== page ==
The error message is "cannot convert nil to type F" but F is clearly a function and thus nil can be converted into that function (of whatever type). The problem here is the type cycle; the conversion looks at a type that is not yet fully set up.
This example is primarily interesting as a test case.
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@cznic I'm fairly sure it's not on purpose that it works. There's a reason why the compiler complains; we go through great lengths to detect such cycles, even if they are "obviously" not cyclic to a human reader.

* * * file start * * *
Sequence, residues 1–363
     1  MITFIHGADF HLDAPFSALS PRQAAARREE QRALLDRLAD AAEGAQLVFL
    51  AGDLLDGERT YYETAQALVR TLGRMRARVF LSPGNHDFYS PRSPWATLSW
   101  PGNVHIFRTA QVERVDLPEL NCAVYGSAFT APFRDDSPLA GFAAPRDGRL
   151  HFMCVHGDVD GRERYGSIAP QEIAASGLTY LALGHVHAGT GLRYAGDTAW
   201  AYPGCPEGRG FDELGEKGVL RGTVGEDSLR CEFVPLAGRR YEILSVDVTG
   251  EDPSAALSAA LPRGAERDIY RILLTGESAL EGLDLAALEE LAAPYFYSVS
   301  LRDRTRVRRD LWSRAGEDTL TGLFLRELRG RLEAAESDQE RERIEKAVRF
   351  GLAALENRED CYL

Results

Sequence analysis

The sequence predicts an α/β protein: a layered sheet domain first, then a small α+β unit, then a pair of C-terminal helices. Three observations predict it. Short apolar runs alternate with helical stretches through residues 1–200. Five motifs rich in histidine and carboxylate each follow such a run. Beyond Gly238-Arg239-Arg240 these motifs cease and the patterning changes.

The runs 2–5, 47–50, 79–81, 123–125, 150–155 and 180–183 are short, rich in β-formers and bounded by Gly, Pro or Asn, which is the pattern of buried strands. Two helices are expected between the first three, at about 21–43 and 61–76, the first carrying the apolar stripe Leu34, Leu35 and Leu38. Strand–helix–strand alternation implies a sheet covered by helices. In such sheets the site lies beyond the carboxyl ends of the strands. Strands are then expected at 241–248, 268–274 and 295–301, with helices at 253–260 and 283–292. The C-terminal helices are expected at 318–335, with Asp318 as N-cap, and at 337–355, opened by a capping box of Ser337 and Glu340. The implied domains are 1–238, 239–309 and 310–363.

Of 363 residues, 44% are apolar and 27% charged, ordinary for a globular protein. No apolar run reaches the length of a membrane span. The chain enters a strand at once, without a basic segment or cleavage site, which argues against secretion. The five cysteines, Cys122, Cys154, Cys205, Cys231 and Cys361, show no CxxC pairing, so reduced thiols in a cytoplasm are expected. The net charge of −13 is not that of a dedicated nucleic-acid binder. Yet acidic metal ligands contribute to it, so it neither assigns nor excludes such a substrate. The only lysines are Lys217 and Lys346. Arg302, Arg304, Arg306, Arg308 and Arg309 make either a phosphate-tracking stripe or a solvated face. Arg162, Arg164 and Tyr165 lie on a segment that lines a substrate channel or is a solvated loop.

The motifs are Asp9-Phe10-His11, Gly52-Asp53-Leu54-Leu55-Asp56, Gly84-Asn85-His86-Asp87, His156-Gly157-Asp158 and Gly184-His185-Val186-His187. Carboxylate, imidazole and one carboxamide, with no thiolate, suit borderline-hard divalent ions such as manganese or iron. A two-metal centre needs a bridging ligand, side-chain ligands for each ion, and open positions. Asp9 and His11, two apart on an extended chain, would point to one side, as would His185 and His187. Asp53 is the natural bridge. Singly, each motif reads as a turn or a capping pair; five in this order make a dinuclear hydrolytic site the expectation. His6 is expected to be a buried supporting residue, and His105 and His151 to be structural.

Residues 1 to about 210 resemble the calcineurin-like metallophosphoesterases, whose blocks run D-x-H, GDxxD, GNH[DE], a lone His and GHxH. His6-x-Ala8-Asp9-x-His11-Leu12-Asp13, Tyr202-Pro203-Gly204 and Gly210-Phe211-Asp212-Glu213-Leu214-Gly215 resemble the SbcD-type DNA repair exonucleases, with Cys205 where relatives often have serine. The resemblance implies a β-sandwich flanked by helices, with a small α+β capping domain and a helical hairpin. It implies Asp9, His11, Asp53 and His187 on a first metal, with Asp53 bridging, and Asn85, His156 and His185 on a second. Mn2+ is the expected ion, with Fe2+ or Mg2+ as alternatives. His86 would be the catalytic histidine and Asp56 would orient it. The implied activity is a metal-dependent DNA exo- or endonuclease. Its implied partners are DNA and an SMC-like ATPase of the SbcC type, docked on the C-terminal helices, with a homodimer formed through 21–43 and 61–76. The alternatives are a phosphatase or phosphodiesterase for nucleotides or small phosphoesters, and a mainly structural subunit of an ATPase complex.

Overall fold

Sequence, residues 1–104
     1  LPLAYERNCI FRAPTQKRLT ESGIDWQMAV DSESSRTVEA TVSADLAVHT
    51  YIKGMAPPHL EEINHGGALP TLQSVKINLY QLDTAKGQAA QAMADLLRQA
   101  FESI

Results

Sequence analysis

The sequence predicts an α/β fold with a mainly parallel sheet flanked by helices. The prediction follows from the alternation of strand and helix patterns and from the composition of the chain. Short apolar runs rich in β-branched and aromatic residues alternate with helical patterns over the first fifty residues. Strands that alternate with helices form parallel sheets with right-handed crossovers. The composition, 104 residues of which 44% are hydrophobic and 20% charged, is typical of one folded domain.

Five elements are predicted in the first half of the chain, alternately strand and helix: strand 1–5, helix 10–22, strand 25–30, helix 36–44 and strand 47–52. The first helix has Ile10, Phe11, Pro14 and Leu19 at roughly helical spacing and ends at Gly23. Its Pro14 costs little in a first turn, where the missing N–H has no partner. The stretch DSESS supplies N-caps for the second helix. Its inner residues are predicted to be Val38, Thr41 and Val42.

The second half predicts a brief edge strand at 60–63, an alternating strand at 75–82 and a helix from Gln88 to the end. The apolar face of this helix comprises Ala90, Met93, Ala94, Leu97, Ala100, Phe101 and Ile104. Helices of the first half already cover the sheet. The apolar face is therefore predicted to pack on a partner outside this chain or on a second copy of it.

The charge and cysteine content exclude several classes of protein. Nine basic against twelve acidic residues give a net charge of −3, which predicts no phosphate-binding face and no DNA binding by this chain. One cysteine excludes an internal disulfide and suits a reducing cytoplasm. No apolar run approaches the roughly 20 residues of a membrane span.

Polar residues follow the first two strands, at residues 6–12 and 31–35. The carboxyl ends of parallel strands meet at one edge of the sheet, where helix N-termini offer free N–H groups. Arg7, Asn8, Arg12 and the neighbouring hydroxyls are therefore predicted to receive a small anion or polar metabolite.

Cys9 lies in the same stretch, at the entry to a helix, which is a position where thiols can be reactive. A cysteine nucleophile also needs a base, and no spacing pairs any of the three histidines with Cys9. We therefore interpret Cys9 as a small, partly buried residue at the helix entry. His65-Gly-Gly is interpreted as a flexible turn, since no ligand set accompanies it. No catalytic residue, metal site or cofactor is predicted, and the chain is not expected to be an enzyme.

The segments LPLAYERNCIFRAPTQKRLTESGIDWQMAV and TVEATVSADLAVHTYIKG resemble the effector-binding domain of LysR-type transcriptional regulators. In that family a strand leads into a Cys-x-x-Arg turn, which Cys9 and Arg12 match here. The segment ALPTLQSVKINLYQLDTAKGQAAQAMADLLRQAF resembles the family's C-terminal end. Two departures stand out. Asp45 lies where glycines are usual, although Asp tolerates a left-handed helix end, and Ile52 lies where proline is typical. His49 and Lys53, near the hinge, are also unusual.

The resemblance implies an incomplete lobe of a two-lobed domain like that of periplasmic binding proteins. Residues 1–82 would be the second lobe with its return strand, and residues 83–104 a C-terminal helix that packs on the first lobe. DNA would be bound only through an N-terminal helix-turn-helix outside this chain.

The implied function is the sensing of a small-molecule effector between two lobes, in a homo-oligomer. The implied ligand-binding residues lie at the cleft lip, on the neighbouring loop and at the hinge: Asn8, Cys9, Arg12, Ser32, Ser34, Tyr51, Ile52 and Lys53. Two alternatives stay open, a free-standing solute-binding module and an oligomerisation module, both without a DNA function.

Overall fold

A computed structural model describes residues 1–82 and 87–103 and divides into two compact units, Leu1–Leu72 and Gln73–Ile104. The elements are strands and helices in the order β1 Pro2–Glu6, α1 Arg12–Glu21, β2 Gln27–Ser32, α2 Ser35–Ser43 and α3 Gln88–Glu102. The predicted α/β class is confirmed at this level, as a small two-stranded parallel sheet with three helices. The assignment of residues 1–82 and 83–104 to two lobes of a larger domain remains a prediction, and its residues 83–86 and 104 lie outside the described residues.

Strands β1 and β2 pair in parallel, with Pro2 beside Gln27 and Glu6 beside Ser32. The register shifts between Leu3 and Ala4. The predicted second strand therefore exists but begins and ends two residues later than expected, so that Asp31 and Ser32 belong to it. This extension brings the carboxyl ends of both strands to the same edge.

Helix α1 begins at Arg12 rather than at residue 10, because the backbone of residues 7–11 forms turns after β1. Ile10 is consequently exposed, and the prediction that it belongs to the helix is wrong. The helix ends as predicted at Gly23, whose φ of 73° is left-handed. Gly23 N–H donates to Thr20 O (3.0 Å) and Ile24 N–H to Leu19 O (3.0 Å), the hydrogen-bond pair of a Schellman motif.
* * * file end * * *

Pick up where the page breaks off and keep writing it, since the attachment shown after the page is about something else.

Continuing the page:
The type in question has a computable size only because we know it's a function, but the function may not be set up yet (not even partially) as we are in the definition of that very function. It's non-trivial to get right which is why go/types and the compilers have various cycle-related issues, mostly esoteric and not relevant for real code (otherwise they would have shown up a long time ago).
But let's not discuss this here. It would be a very long discussion. The reason I am collecting these is in order to come up with a model of what we "should" accept and what we can safely refuse (even if a human reader could determine a type). Notably the spec remains silent on the subject exactly because it's tricky to specify.